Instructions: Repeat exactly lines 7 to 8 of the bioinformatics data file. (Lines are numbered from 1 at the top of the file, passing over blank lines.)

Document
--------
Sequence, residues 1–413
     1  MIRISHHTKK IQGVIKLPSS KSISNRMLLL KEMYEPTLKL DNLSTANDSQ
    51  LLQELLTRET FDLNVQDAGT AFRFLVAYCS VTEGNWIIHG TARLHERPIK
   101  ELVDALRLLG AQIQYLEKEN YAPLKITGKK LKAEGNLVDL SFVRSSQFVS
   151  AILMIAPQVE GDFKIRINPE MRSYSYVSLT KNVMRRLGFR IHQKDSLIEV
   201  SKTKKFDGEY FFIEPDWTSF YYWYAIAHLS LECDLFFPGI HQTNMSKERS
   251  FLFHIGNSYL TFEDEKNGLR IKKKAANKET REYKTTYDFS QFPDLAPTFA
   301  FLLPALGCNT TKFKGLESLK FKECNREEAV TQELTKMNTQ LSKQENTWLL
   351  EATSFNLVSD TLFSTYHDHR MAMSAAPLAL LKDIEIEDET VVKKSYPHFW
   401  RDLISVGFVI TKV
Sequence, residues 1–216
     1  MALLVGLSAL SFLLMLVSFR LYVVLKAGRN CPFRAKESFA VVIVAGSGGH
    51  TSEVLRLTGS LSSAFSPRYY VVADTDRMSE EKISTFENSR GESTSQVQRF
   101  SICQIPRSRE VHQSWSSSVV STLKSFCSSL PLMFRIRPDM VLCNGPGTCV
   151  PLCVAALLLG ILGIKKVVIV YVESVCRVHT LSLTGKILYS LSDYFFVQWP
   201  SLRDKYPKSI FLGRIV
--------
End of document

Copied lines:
   251  FLFHIGNSYL TFEDEKNGLR IKKKAANKET REYKTTYDFS QFPDLAPTFA
   301  FLLPALGCNT TKFKGLESLK FKECNREEAV TQELTKMNTQ LSKQENTWLL